History of Bohmong circle

Oct. 19, 2016

An ancient boat, believed to belong to the first Arakanese settlers from Arakan State in Burma over 200 years ago, was found in Bangladesh on 29 June during low tide, according to a report of the Daily Star published on 11 July.

The ancient wooden boat recently surfaced from a sandy beach in Kuakata in Khulna Division in Bangladesh.

The precious brass sheets from the boat were looted by a group of local people as soon as the boat was seen on the beach.

A three-member team from the Department of Archaeology of Khulna Division  have excavated the boat and found that only two feet of it’s upper portion had emerged from the beach. The boat measures 72 feet long and 22.5 feet wide, the report said.

According to Arakanese history, thousands of Arakanese families from Arakan fled to Bangla Awa Kyunyt area, known to locals as Kuakata and Balguna, in Bangladesh, in many wooden boats to settle there after Burma’s King Bodopaya invaded Arakan in 1784.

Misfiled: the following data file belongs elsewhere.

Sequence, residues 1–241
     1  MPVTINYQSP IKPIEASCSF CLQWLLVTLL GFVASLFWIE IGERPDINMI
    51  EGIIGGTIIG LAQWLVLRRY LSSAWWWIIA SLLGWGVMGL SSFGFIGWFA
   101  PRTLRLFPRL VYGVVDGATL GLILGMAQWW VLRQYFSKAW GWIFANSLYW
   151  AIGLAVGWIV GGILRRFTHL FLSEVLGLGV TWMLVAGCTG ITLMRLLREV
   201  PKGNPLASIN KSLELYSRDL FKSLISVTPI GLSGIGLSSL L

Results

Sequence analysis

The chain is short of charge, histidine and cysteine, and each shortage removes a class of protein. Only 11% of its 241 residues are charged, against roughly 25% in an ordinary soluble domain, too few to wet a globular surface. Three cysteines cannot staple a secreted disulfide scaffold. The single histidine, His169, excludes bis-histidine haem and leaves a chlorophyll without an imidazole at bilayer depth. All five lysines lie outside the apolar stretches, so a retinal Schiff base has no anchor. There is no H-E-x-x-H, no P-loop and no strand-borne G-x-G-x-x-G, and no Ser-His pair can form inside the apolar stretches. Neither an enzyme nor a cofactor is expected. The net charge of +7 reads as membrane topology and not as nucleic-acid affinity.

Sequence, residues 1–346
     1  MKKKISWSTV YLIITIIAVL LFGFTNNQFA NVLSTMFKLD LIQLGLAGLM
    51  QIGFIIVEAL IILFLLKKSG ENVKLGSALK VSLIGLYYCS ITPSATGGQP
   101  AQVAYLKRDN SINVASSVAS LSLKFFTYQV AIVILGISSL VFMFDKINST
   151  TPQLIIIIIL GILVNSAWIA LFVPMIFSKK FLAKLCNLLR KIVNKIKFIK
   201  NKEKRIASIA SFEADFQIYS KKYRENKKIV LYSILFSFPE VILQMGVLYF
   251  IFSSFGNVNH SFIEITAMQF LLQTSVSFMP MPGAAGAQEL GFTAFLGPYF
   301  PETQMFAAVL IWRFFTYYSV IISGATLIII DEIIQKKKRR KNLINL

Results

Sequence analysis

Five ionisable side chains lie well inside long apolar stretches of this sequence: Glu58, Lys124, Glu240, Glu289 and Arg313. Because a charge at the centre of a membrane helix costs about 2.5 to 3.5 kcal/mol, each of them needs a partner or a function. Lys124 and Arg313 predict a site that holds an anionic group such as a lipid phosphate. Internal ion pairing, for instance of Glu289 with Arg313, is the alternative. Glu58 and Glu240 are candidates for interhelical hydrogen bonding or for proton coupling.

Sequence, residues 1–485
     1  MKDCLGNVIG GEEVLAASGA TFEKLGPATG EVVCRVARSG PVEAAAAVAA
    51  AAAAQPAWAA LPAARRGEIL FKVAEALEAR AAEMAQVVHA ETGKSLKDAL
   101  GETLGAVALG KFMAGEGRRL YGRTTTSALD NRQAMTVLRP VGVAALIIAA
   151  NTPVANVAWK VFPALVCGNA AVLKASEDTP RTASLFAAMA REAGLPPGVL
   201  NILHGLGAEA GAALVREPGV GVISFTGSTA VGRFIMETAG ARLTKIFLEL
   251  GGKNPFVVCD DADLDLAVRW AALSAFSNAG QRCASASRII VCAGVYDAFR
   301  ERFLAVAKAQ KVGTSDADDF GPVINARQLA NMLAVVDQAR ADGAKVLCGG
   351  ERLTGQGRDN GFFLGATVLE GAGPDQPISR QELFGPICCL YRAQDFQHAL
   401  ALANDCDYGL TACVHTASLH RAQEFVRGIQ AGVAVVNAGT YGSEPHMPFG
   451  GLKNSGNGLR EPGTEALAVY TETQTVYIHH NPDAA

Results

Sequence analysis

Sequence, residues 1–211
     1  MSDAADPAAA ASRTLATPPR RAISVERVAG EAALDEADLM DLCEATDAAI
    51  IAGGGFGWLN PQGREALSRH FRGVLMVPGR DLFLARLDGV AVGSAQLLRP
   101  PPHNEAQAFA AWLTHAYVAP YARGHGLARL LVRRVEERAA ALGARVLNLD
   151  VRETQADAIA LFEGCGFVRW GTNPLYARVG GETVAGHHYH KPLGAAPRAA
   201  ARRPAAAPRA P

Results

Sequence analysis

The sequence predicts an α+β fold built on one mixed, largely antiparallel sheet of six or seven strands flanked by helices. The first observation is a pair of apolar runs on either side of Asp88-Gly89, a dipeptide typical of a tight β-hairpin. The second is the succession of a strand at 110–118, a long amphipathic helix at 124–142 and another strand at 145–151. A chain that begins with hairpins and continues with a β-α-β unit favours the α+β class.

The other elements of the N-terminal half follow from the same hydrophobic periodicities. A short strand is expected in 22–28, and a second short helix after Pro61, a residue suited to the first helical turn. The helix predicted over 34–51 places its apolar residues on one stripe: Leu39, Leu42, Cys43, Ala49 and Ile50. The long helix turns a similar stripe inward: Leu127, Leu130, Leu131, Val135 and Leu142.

The Arakanese kingdom fell on 31 December, 1784, after the Burmese king invaded and conquered Arakan. Arakanese king Maha Thamada Raza and his royal families, along with many precious royal treasures, were brought by the Burmese royal army to the Burmese king in his capital Amra Pura near Mandalay as captives.

After that, many Arakanese families, including nobility, deserted Arakan to seek shelter in the areas of Kuakata and Barguna in the nearby West Bengal area of India using wooden boats across the Bay of Bengal.

People gather in Kuakata to see the ancient boat that surfaced from beneath the sandy beach. 

A three-member team from the Department of Archaeology of Khulna Division yesterday set off for Kuakata where an ancient wooden boat recently surfaced from beneath the sandy beach.